It was Ezra Pound who once said something to the effect that poetry loses its way when it gets too far from music, and music loses its way when it gets too far from dance.1 Music is not something to which one dances, Pound would have us believe; one dances and the gesture necessitates music. First comes the body, the physicality of life, and from that everything else follows in good order: music, poetry.

Ana Isabel Keilson’s latest piece, Fanny and Alexander and Fanny and Alexander (for six)—which had its New York début two Fridays ago at the 92nd Street Y’s most recent session of the venerable Fridays at Noon series—would seem to prove Pound right. And although it might be disconcerting at first to discover that music is not the map here, Keilson’s choreography invokes a small world of its own, one that seems to find its guiding logic in the problem posed by movement itself. In this new work, the dancers (Rebecca Arends, Elizabeth Coker, Kesa Huey, Pareena Lim, and Jin-Ju Song-Begin, as well as Keilson)—a competent group of artists, expressive, representing a broad range of dance training and physicality—quite literally summon music to the piece, ushering a violinist (the talented Hanna Morrill) onto the stage to play the violin’s part of the second movement Schumann’s Quintet in E flat major. Technically Fanny and Alexander and Fanny and Alexander has its own score, written by Louis Schwadron; recordings of birds overlaid with a recording of the same Schumann quintet function as prelude and coda to the performance. But despite these incursions, much of Fanny and Alexander and Fanny and Alexander unfolds to the sound only of dancers moving across the stage.

This embrace of silence might sound distinctly (perhaps disconcertingly) like the hallmark of postmodern dance, but it would be too dismissive to ascribe that label to Fanny and Alexander and Fanny and Alexander and let it go at that. Keilson has called her work “unfashionably neoclassical” in general, or, more playfully, the “modern-dance lovechild of the ballet barre and the folkdance.” Her pieces fall somewhere between the radical experimentalism of the downtown set and the somewhat more conservative culture that defines dance in midtown. But it is that very grounding in classical lyricism—set off by gestures at times heavily weighted towards the ground, a great deal of floor work, movement that is at times frenetically enthusiastic—that makes her work so engaging. Fanny and Alexander and Fanny and Alexander evokes that strange incongruity of spontaneity and, at the same time, flow, that odd pairing which describes almost all dance that is delightful to watch.

Despite its title, Fanny and Alexander and Fanny and Alexander is not a dance adaptation of Ingmar Bergman’s 1982 film of (almost) the same name. Nor is it a response to that deservedly classic film, nor would it be right to describe it as a tribute, although the Schumann quintet makes up a prominent part of that work’s score as well. This charming and deeply intimate work is what might best be called a Variation on a Theme by Ingmar Bergman: it is a portrait of a relationship between a brother and sister, one that Bergman himself left remarkably underdeveloped in his story. Lifting this relationship from the film and elaborating on it, Keilson builds her piece largely around a series of overlapping pas de deux, three sets of partners, each expressing different facets of intimacy, play, and the secret games children invent with one another. Despite a relatively small company, the space seems filled, at times even perhaps a little too busily, each dancer showing a different side of Fanny and Alexander, similar to a Cubist portrait that fractures unity in order to better depict reality. Partners change, but we almost always have three Fannys and three Alexanders, dancing together but never entirely in unison. Each partner contributes something different, but together they create a coherent singularity: what one might call, in other words, a relationship.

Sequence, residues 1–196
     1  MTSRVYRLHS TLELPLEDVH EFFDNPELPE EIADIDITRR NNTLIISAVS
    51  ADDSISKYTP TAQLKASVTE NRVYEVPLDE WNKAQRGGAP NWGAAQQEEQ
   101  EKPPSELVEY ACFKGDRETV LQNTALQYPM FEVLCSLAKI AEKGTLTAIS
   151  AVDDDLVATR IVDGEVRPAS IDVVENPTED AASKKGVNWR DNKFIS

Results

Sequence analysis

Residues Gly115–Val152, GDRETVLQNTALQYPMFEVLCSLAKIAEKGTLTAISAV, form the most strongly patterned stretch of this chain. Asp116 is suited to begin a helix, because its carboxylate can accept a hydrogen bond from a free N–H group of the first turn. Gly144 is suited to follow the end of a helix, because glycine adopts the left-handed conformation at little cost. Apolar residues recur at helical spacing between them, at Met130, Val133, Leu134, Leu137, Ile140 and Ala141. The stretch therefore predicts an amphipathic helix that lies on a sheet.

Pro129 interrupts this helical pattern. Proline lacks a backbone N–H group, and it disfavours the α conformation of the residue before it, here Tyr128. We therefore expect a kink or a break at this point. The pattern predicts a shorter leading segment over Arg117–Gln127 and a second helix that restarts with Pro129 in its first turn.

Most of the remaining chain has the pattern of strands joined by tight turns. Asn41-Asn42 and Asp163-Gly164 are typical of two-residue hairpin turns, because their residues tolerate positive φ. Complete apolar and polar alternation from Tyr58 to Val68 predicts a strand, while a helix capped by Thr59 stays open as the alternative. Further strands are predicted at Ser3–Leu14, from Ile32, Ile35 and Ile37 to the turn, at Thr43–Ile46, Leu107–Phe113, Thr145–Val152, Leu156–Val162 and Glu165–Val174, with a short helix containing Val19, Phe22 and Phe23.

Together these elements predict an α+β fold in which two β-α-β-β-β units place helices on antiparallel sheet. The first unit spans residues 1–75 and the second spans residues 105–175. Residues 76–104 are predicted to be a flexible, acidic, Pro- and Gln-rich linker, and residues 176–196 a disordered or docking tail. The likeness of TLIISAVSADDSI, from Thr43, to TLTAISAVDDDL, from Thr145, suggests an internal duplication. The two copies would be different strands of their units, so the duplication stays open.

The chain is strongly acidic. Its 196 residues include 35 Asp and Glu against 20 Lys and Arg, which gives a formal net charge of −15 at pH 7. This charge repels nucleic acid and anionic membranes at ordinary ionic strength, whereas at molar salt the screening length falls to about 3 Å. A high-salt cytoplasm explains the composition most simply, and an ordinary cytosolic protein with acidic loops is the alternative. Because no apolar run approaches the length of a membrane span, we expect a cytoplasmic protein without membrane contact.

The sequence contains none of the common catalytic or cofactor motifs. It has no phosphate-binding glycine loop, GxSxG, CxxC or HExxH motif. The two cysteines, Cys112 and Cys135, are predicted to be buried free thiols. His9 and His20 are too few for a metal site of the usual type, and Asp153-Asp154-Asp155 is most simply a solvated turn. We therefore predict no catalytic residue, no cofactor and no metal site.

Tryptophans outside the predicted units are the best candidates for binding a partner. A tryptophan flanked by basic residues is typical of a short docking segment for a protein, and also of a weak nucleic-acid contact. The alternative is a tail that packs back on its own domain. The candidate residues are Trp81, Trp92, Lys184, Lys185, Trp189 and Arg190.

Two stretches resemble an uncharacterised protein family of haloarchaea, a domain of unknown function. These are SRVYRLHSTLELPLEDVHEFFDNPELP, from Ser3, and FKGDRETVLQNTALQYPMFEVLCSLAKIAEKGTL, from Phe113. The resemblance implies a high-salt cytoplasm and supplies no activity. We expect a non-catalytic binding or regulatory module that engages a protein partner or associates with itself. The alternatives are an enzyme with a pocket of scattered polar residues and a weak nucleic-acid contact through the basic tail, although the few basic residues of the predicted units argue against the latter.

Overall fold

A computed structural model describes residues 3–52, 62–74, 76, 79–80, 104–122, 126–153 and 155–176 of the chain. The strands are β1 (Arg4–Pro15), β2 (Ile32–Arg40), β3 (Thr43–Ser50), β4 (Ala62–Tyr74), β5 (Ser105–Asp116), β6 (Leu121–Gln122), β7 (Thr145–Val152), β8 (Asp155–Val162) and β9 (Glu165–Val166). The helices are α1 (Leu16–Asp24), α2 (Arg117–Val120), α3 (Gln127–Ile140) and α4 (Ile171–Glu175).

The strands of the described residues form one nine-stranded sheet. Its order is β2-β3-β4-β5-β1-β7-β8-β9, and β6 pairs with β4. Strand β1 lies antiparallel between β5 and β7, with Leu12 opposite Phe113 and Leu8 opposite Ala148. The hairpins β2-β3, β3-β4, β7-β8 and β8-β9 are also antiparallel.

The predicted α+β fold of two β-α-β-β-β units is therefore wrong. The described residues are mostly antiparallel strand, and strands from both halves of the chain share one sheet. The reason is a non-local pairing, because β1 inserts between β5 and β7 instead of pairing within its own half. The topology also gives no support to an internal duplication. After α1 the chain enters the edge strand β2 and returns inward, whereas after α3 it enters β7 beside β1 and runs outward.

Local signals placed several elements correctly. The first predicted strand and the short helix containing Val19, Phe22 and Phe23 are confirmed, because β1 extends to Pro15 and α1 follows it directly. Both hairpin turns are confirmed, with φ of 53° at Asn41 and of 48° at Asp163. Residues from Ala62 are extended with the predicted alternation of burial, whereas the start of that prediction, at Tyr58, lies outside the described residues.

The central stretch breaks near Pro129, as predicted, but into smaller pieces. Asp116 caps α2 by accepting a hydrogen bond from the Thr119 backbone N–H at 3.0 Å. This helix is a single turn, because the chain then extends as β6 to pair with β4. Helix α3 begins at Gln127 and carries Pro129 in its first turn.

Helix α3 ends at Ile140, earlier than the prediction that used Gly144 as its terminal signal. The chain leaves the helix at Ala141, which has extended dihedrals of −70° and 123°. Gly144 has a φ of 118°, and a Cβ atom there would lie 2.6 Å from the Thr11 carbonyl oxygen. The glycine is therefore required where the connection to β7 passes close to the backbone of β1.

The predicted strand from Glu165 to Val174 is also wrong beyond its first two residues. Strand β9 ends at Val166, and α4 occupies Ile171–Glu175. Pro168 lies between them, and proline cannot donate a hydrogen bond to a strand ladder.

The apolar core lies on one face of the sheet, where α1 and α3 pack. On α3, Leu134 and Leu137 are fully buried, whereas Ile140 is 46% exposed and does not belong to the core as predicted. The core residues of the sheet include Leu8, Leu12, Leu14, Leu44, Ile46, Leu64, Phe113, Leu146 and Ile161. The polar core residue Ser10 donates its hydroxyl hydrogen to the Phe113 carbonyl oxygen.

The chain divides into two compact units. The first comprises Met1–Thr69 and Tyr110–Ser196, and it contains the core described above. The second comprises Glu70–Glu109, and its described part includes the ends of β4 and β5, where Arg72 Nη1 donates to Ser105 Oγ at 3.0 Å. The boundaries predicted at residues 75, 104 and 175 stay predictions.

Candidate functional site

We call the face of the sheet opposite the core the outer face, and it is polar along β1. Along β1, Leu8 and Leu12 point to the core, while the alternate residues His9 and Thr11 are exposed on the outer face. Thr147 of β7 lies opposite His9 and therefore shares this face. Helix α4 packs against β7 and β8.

Traditionally, the pas de deux is a heavily gendered convention, loaded with an implied sexuality that is all well and good so long as you don’t mind too much hetero-normativity when you sit down to enjoy the show. Fanny and Alexander and Fanny and Alexander escapes those traditional strictures and instead presents a different idea of partner dancing; the company, which is entirely female, does not approach the idea of relationship as one of either/or, but instead as one of synthesis. Is there a major partner? A minor? It’s hard to say. Keilson has said of her work that she approaches it asking, “What is the world that I want to build?” In this piece, she has in fact built a world within a world, where children speak their own language, sometimes even whispering to one another on stage. The viewer is allowed to look into the special world that exists between Fanny and Alexander, but we are not privileged to its rules. It is a mirror of the experience of adult men and women who share the world with youth, who can no longer know all its workings but who are cheered to be a part of it.

1The actual quotation, a little too organic for my taste, is from Pound’s fascinating and oftentimes exasperating ABC of Reading: “Music rots when it gets too far from the dance. Poetry atrophies when it gets too far from music.”

For more information, please visit Photography by Julie Lemberger.

Jason Resnikoff lives in New York. His work has appeared in The Paris Review, The Faster Times, Tropics of Meta, and on stage at the Cherry Lane Theater.

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